By JEANNIE WILEY WOLF
CAREY — Whether it’s a flower from her garden, a weed by the side of the road or a shell found on the beach, Susan Kuhlman is inspired by nature. So she preserves their beauty in handcrafted resin jewelry.
Kuhlman lives in rural Carey with her husband, Bryan, and youngest son, Cade. Three days a week, she works as a registered nurse in outpatient surgery at Marion General Hospital. Other times, she can be found creating pieces for her business called Nature’s Jewelry by Susan.
“Everything is nature-inspired,” she said. “When I first started, I was using stickers or different paper things (in resin). People like that as well, but I was drawn more toward just the natural things.”
Kuhlman uses all kinds of items from nature, including bees and the wings from monarch butterflies. (Everything passes naturally, she noted.)
“My husband, at first he was kind of not into it,” she said. “But now he finds butterflies along the road for me.”
And recently at a craft show, he saw a dead bumblebee and asked if she could use it.
“I’m like, ‘yes!” she laughed.
Kuhlman said she’s always been a crafty person, and began experimenting with resin jewelry a few years ago. When she found that she had more jewelry than she could use, she tried selling it at the urging of a friend.
“At first I wasn’t sure anyone would want to buy it, but I ended up doing a craft show and really surprised myself. And it was such a good feeling. You’re like, ‘People really like what I made,'” she said.
She has been in business two years and started an Etsy shop in 2018.
“I enjoy making affordable jewelry that brings back memories,” said Kuhlman. “Like people will come up, ‘Oh, I like this orange flower. My dad loved orange flowers.’ Or ‘Pansies were my mom’s favorite.’ And it brings back memories to them.”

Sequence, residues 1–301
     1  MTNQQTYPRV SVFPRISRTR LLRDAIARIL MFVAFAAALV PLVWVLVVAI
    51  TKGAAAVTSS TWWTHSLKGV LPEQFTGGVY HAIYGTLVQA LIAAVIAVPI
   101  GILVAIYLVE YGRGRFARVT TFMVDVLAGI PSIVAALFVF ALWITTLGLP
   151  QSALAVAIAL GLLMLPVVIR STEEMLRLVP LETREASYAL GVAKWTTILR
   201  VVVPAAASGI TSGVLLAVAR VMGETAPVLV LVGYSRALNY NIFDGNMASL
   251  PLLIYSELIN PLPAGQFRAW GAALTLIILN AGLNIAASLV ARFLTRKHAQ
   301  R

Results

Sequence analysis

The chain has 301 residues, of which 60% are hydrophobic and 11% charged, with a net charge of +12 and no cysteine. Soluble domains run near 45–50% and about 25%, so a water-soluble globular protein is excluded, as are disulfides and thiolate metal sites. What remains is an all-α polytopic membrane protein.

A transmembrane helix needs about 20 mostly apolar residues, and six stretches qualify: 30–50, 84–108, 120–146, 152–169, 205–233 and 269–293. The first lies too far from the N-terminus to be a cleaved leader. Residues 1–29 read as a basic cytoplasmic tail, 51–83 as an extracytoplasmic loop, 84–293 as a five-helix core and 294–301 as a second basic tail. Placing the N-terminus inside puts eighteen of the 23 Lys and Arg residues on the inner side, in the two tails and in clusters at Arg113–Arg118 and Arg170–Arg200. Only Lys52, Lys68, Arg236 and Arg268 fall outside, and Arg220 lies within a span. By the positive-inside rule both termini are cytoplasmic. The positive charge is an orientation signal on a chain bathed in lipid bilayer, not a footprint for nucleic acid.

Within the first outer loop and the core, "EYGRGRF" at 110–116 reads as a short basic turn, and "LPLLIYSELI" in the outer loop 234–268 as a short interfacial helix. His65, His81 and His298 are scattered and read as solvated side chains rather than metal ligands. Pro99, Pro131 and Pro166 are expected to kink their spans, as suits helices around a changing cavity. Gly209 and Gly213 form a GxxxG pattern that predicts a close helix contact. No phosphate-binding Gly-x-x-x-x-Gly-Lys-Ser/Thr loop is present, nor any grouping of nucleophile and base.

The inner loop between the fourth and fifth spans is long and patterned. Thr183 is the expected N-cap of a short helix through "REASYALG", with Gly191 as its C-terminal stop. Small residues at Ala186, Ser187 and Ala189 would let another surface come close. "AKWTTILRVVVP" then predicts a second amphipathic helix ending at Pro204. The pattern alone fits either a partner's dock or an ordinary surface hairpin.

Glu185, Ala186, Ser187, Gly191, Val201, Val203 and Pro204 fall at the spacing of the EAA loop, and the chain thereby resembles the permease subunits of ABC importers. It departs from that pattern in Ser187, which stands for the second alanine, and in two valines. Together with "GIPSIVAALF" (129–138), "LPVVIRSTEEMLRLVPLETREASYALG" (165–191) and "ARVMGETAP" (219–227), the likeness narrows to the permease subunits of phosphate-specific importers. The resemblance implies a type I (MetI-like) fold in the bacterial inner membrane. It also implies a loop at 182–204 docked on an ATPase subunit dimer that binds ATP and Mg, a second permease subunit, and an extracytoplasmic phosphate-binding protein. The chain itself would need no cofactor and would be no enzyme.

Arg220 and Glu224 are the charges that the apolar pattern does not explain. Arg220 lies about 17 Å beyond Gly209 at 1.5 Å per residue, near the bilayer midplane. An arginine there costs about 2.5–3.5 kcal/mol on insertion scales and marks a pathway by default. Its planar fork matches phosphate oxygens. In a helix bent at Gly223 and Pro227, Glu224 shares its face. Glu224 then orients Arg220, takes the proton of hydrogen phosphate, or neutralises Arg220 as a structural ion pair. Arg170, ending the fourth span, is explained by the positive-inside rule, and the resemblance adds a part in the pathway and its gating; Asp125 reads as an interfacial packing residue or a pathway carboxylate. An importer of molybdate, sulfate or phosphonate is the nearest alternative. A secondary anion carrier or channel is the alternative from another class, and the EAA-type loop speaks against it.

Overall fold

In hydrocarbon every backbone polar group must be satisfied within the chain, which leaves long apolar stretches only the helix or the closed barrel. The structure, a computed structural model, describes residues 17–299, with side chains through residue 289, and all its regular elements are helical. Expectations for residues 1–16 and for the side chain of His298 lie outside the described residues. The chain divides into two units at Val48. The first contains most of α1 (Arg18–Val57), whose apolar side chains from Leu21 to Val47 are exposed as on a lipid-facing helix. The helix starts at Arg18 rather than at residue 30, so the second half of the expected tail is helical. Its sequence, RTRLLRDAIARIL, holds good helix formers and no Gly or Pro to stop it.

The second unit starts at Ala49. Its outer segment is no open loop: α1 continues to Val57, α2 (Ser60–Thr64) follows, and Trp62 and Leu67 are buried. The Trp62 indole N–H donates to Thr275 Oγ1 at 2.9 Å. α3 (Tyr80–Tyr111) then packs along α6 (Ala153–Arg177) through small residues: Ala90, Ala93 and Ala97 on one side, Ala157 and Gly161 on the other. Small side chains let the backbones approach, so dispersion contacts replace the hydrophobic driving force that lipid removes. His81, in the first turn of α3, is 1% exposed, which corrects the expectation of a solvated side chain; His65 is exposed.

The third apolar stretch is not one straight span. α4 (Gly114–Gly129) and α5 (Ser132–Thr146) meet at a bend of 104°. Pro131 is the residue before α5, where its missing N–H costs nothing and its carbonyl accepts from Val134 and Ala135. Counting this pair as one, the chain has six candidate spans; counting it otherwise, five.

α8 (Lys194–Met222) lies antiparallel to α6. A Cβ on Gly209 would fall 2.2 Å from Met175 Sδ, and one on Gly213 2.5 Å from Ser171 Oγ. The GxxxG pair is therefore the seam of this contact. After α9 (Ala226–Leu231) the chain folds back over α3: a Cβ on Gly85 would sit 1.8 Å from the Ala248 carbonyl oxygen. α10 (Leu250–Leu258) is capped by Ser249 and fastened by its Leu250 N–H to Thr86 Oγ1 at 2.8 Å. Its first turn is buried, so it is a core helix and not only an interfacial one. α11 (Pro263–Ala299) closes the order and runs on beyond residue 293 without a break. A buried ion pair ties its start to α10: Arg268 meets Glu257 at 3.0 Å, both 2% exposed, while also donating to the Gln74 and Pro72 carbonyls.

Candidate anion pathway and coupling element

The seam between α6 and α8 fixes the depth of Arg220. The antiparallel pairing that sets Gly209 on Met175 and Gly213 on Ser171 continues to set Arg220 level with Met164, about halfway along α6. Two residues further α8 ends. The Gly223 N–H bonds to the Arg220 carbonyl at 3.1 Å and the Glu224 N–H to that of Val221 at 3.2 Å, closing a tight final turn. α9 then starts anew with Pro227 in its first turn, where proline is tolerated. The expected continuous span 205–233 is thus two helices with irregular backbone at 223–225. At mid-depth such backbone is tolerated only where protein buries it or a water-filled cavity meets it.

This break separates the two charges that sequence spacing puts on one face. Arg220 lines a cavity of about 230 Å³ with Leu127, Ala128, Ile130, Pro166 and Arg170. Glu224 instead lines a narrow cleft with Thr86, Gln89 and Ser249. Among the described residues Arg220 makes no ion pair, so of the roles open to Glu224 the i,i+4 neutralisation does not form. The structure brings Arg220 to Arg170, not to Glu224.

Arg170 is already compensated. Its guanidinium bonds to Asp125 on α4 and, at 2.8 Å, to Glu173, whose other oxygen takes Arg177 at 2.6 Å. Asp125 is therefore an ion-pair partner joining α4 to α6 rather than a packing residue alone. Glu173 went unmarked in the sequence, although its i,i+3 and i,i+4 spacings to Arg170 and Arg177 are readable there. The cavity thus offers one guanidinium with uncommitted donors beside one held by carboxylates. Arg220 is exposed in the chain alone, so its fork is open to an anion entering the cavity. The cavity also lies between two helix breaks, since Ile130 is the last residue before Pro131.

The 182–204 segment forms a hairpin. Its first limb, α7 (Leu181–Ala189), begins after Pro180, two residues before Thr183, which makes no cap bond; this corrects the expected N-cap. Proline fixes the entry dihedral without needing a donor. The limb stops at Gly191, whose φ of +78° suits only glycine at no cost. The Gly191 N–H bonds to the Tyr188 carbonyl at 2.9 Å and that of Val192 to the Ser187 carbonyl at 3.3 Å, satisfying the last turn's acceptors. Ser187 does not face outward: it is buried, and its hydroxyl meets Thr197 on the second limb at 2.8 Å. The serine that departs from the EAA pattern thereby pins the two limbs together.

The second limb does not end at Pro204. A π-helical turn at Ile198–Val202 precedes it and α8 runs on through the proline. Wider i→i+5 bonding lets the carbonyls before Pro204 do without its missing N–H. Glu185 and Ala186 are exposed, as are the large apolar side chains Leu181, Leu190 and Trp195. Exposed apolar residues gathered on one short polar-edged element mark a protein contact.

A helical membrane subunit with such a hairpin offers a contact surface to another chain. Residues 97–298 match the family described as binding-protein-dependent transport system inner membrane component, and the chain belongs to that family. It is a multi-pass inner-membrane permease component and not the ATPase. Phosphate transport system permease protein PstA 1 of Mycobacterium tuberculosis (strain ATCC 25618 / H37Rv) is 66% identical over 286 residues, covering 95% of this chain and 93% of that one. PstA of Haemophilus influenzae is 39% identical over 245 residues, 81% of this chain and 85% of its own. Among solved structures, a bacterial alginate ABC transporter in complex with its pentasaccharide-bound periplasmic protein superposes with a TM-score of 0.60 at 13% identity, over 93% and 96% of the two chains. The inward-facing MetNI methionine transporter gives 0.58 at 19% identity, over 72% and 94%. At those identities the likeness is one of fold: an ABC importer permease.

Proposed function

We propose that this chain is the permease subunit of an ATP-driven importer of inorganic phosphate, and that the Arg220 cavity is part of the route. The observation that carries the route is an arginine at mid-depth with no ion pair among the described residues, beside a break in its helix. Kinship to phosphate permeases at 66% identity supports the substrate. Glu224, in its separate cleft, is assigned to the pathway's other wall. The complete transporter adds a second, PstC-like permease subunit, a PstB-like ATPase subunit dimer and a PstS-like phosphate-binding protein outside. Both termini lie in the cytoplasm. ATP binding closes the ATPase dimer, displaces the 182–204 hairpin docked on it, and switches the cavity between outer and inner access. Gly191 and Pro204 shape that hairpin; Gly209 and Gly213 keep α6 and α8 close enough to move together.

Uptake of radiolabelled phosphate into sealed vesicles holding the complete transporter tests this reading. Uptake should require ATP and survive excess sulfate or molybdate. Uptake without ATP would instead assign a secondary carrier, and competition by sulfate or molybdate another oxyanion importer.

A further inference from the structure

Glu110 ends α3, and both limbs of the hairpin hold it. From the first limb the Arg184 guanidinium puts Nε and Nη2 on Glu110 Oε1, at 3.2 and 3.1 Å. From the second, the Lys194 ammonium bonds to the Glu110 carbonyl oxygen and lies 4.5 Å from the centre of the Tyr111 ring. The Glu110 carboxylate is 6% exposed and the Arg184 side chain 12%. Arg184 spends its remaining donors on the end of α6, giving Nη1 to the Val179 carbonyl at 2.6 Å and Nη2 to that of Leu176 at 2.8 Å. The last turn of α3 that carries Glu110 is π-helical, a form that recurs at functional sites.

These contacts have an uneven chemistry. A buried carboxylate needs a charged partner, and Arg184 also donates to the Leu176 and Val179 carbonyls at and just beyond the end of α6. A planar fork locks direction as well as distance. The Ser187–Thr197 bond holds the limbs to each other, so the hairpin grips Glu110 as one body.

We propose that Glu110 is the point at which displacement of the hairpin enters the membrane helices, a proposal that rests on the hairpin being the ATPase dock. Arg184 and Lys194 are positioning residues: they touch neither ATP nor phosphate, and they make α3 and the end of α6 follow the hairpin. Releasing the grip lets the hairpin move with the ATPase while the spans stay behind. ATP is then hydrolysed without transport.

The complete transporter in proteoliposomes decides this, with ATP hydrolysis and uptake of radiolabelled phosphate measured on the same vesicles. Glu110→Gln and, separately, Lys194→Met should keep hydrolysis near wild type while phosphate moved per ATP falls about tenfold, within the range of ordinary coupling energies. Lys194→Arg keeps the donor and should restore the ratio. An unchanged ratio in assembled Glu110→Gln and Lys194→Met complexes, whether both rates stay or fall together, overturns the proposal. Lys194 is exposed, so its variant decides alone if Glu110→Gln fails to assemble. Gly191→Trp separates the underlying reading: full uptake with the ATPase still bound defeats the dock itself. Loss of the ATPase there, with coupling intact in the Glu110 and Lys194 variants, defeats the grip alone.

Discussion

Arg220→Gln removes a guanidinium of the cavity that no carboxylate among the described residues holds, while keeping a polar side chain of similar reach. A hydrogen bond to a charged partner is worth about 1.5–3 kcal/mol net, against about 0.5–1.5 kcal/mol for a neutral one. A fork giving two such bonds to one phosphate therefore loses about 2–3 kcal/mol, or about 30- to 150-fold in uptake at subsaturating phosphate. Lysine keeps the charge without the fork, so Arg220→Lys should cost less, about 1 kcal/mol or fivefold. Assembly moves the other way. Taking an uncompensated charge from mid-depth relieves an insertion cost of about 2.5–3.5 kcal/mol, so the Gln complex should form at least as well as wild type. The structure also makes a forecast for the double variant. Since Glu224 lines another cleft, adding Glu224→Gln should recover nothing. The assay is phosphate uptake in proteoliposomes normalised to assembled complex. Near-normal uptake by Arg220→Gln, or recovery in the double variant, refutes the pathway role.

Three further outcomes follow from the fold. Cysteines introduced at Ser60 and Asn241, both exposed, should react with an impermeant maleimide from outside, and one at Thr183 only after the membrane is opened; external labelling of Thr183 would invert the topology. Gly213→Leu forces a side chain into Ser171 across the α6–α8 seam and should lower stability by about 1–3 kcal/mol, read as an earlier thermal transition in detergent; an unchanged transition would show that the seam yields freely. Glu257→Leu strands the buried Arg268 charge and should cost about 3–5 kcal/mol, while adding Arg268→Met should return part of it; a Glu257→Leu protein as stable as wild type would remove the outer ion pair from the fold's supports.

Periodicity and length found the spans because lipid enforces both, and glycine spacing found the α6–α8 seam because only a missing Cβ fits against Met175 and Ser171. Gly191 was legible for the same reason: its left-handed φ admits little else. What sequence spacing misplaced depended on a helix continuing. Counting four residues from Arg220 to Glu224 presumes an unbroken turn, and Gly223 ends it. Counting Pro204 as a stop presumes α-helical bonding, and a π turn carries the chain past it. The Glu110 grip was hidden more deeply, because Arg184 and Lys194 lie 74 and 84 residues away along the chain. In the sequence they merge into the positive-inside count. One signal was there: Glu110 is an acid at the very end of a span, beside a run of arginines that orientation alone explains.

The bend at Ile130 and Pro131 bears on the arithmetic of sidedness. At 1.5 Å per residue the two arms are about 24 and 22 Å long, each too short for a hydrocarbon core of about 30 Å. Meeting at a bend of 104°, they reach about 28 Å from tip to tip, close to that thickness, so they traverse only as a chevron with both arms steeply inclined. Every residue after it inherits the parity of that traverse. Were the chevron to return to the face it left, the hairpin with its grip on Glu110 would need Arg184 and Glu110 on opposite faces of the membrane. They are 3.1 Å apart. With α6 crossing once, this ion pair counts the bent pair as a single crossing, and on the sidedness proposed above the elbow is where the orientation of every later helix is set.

The process starts by finding the items she wants to use and drying them. Some can be pressed and dried between the pages of a book, but the majority are done in a microwave oven between layers of tissue and paper towels, held down flat with a glass baking dish.
“Everything is a little different. Some you can’t do in a microwave. It just turns them brown,” she said. “But usually I try like 5 to 10 seconds at a time until I get it to where I want it.”
Kuhlman also uses small silica beads when she wants to maintain the three-dimensional shape of items like flowers and insects.
After drying, she starts working on the design. She often places the pieces in silicone molds and then pours on the liquid resin. The resin comes in two parts that have to be mixed together, said Kuhlman.
The resin gradually hardens and creates a solid plastic piece with a clear surface, although sometimes she adds acrylic paint to the resin to give it color. In beach scenes that contain tiny shells and grains of sand, for example, she often adds blue to a second layer of resin to resemble water.
“I like the beach,” she said. “So it’s like taking a mini vacation when I make them.”
Kuhlman creates a variety of wearable items, from bracelets and earrings to pendants and rings. For people who don’t wear jewelry, she also makes coasters, paperweights and keychains.
She said the process has taught her to be more patient.
“I was always kind of a hurry up and get it done kind of person, laid back but hurry up and get it done,” she said. “And this has taught me to slow down and enjoy things.”
In addition to Etsy and on her Facebook page, Kuhlman’s jewelry can be found at Greenbriar Florist and Catering in Carey and Shops at the Carriage House, a collaborative shop of artisans in Dayton. Prices start at $8 to $10.
Mascot jewelry featuring schools around Carey are available at Kurtz Family Store in Carey, while Findlay City Schools’ mascot jewelry can be found at Flag City Clothing.
Kuhlman does custom orders as well. One of her favorites, she said, is a necklace she created as a birthday gift for a women who was turning 90. It featured a picture of the woman and her husband that was taken 67 years earlier.
Even Kuhlman has pieces that are special to her.
“I’m sentimental, so my favorite one is probably mine and my husband’s thumbprints (in ink on paper), and then on the back are my kids’ fingerprints,” she said. “That’s probably my favorite. It’s like having a little memory with you.”
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